The Scottish National Party have put themselves somewhat out on a shaky limb by wholeheartedly backing the Catalonia independence movement. The declaration of ‘independence’ courtesy of the ‘result’ of the referendum by the leader of the ­Catalans, Carles Puigdemont, is on totally shaky ground. The actual vote was illegal and there was no opposition movement to speak of, therefore, it was a foregone conclusion that almost all the votes were pro independence.

The Catalan ‘government’ is a minority party itself and with a turnout of only 42.3 per cent of eligible voters the result is not valid on every ­level.

The SNP seem to be ignoring all these elements that make the vote irrelevant. The result is not binding and the SNP cannot take anything positive out of this debacle.

What they have done, ­however, is to harden ­opposition in the Spanish ­government to look favourably on any future EU membership by an independent Scotland.

(Dr) Gerald Edwards

Broom Road, Glasgow

It is horrifying to have watched a flickering flame of fascism being reignited this weekend in Catalonia. It is the only ­possible understanding of the Spanish reaction to the Catalonian referendum on independence.

What shocks me even more is the silence from Westminster, EU and United Nations. Are they so hypocritical that they proclaim “human rights” but stand silently by while such rights are violated so blatantly?

This is not a time for posturing: this flickering flame of fascism must be extinguished and Spain must take a step backwards from further violence.

brian rattray

Gylemuir Road, Edinburgh.

Following Brian Wilson’s last article (Scotsman, September 29) telling the Scottish government to keep out of the ­Catalonia independence referendum and questioning the right of small nations to take their future in their own hands, can we now expect his next one to congratulate the Spanish government on their strong arm response?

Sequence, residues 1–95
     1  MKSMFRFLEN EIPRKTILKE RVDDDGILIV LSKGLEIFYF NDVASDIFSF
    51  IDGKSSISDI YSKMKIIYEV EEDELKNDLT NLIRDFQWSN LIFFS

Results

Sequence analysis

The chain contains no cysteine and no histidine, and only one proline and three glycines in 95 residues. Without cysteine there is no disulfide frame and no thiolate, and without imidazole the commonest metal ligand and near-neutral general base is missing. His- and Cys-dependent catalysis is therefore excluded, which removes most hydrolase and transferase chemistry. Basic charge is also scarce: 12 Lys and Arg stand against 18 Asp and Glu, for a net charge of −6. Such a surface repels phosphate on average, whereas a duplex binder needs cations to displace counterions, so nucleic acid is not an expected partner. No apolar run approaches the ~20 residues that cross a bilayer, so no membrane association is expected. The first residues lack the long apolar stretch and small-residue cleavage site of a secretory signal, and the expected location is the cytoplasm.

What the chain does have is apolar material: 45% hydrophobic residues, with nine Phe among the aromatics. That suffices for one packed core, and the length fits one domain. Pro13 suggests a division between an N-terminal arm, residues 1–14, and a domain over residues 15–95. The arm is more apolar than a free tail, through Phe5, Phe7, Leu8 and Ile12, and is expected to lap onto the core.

Perhaps in a perverse reversal of history he could form an International Brigade to help them and any countries with annoying minorities seeking their own destiny to stub out such ideas once and for all.

Or he could take his own advice and keep his nose out and leave such matters to those who have a sense of what is right and just.

brian kelly

Currie, Edinburgh

Renewable past

The recent spate of articles and correspondence in your paper on the subject of renewable energy might suggest this is relatively new concept.

James Nasmyth, the engineering son of the Edinburgh artist Alexander Nasmyth, wrote in his autobiography published in 1883 an interesting idea on the subject.

With reference to the moon and its effect on tides he wrote: “Then there are the tides, so useful to man, ...what business she transacts! She lifts hundreds of ships and barges filled with valuable cargoes, up our tidal rivers.....She performs a vast amount of mechanical drudgery;..and now that we understand the convertibility and conservation of force, we may be able to use her tide-producing functions through the agency of electricity. It is even possible that the tides may yet light our streets and houses!”